As if the system of estates in France wasn’t enough to cause resentment among the lower classes, towards the end

of the 1700s, France was experiencing other problems too.

Problem 1 – MONEY
By 1787, the French government was bankrupt. It was 4000 million livres in debt. France had spent a lot of money fighting costly wars, but had nothing to show for it. Many people accused the royals, especially Queen Marie- Antoinette of spending too much money on luxuries. Others said that the tax system was corrupt and some tax-collectors did not hand all their taxes over to the government. In 1787 the King asked the nobility to help him reform the tax system. As we already know, members of the first and second estate did not have to pay some taxes. King Louis XVI wanted them to start paying some of them. It is not surprising that they refused to do so.

Problem 2 – Bad harvest.
Most people in France depended heavily on agriculture and farming in the 1700s. In the years 1787 – 1789, terrible weather, heavy rain, hard winters and too hot summers led to three very bad harvests in France. This led to peasants and farmers having smaller incomes, while food prices rose sharply. The poor harvests also meant that many French farmers became unemployed. Many poorer people were starving, but could not afford food and could not find a job. Meanwhile, the nobility, the clergy and King Louis and his family continued to live in the lap of luxury, in their palaces and chateaux.

Problem 3 – Louis calls the Estates General. May – June 1789
Source A. Louis meets the States In August 1788, King Louis XVI called the Estates General (a General at Versailles gathering of representatives from all three estates) for the first time since 1614. The Estates General met at the palace of Versailles, just Outside Paris, in May 1789. There were 1100 members, or deputies, divided into three orders. The nobles, the clergy, and the third estate, which represented millions of ordinary French people, but only contained half the deputies (including some clever lawyers) The king hoped the Estates General would approve new taxes. The nobles and the clergy hoped they would control the affairs to continue their privileged lifestyles. The middle classes hoped for en English style democracy. The peasants hoped for solutions to their problems and were asked by their representatives to draw up lists of complaints. (cahiers de doleances). The King summoned the Estates General to Versailles, where he had a body of troops. Some saw this as an attempt to frighten the representatives. He did not present them with any proposals for discussion, so they were left to think up their own ideas. This meant that Louis did not have control of the meeting.
By Miss Lavelle www.SchoolHistory.co.uk

Problem 4 – The National Assembly, June 1789.
The deputies of the third estate, having grown tired of the arguments over how each order should vote, declared themselves a ‘national assembly’. They represented 96% of the population and felt that they were the ‘true’ parliament. They wanted to draw up a constitution showing how France was to be governed. On June 20th, the members of this assembly met at the royal tennis court. They pledged an oath (The Tennis Court Oath) not to leave until the King agreed to meet their demands. He gave way and deputies of the first and second estates became part of the National Assembly.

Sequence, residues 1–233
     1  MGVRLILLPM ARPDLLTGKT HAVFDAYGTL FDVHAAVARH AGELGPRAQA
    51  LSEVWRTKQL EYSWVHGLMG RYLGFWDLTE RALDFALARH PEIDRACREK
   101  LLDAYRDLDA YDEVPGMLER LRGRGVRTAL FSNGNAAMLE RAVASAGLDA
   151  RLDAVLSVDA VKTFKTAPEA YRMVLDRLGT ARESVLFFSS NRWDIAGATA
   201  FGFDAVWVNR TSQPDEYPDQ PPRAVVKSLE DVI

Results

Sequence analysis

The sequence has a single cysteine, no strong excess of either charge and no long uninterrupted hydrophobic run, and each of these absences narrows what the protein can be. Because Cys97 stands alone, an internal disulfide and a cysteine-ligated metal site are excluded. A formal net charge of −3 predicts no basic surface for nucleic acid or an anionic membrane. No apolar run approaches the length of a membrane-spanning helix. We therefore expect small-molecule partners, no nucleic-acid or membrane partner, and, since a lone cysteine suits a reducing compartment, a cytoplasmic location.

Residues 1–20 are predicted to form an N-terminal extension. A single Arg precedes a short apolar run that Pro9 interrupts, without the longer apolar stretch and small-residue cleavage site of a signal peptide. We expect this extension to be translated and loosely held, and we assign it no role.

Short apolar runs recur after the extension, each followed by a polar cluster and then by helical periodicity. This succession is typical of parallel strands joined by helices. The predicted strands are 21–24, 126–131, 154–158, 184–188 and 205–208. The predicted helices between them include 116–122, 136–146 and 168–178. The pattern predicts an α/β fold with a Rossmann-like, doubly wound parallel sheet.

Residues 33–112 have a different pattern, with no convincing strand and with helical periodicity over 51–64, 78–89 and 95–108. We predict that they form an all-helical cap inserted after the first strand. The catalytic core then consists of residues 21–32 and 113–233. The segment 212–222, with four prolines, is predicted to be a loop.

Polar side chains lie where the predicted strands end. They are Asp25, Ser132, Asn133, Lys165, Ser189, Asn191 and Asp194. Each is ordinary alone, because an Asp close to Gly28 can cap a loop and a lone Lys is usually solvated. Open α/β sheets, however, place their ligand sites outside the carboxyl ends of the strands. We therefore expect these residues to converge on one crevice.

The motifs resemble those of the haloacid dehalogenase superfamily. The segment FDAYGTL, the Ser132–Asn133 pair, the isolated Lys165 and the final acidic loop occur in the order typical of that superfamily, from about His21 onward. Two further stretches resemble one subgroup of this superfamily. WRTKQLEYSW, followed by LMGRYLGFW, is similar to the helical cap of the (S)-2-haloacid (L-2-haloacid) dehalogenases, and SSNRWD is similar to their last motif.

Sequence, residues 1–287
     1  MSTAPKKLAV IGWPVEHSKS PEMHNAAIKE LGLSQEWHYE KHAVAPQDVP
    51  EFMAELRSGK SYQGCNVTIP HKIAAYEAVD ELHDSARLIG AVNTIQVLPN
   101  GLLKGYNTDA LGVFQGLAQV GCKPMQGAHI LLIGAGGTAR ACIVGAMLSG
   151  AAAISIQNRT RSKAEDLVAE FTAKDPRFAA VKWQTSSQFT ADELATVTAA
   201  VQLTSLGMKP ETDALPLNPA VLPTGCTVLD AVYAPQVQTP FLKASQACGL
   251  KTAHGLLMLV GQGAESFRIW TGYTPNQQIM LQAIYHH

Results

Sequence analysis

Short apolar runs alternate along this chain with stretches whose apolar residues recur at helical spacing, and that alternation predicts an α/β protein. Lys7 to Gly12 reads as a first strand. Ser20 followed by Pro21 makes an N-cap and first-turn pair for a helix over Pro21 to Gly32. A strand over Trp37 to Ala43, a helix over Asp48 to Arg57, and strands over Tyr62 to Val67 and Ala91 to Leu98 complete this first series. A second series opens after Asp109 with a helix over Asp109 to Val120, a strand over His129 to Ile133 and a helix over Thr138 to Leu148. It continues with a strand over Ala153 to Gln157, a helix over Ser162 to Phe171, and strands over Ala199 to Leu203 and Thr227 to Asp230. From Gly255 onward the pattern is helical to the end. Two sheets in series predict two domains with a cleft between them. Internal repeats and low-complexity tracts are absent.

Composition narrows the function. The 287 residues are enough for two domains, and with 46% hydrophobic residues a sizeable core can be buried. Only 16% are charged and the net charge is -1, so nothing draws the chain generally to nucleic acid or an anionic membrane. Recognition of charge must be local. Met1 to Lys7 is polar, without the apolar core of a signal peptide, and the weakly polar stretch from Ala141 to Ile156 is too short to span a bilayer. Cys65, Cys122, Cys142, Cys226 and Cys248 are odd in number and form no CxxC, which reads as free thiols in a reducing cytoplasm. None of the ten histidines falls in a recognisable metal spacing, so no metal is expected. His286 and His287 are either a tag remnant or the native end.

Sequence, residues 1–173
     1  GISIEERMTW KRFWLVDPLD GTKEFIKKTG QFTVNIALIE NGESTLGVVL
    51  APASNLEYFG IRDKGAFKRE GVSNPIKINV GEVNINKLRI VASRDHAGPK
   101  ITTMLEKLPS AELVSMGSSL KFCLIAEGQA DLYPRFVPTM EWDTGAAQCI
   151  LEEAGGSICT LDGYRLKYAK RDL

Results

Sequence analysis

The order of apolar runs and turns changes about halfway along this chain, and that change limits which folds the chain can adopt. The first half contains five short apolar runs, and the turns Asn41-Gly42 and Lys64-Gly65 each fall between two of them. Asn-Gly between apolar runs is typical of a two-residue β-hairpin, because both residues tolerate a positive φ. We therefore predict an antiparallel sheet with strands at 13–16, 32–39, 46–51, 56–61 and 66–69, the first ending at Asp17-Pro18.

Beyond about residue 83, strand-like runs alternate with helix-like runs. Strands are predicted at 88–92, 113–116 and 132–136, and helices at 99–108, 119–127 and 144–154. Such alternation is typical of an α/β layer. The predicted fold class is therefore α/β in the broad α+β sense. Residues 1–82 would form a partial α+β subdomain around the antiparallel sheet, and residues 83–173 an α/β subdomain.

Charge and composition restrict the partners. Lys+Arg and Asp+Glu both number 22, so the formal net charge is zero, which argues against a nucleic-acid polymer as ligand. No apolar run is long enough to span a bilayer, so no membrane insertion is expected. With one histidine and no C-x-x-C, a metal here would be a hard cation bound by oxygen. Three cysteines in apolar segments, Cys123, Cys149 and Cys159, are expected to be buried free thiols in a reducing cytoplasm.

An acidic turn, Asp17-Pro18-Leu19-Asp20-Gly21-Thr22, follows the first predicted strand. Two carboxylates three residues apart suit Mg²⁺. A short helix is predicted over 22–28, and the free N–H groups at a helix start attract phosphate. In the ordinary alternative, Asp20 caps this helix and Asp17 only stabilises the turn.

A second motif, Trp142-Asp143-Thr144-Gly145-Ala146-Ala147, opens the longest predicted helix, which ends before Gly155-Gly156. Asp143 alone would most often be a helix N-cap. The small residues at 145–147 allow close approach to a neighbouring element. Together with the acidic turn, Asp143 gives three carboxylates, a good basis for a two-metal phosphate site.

Source B. Members of the Third Estate swearing not to separate until they have given France a constitution.

Source C. – From the collection of Cahiers Estatestaken to the Estates-General.
O rich citizens be so good as to leave for a time your chateaux and palaces and be so good as to glance at those unfortunates whose muscles are only occupied in working for you. What do you see in our villages? A few weakened men, faces withered by poverty and shame, their wives having too many children, their children wearing rags… …All the peasants in our neighbourhood – Brittany – are making ready to refuse the church tax-gatherers and state that nothing will be taken without bloodshed.

Source D. – A modern view of the calling of the Estates General.
The King wanted to hear the voice of his people in order to right all wrongs. What a surprising development. The King was all-powerful: therefore, the people thought, the wrongs must be about to end. The peasants chewed over their suffering with growing bitterness now that they had been invited to speak. They dredged up from the depths of their minds memories from past sufferings. (The modern French Historian, Lefebvre, La Revolution Francaise, 1951)

TASKS
1) Write down each of the following words or terms, and what it means: Bankrupt; Reform; Estates General; deputies; cahiers de doleances; ‘national assembly; constitution; tennis court oath. 2) Why was the French Government bankrupt in 1787? (think of more than one or two reasons) 3) What effect did the poor harvest have on the ordinary people of France? 4) Why might members of the third estate have felt under-represented at the meeting of the Estates General in May 1789? 5) What were the hopes of each of the parties involved? 6) What mistakes did Louis make at the meeting, and what did his mistakes lead to? (clue: look at problem 4) 7) Read source C. According to this source, what were French villages like? Were all French villages like the one described? Explain your answer. 8) What are the peasants of Brittany threatening at the end of source C? Use words from the source to add detail to your answer. 9) What does the author of source D think about the calling of the Estates General? 10) Using the information on this sheet, and your previous work on the causes of the French revolution, write an extended answer to the question, ‘Why was France on the brink of revolution by 1789?’ Refer to and quote from sources in your answer. (You should aim to write at least 2 pages in your exercise book.)

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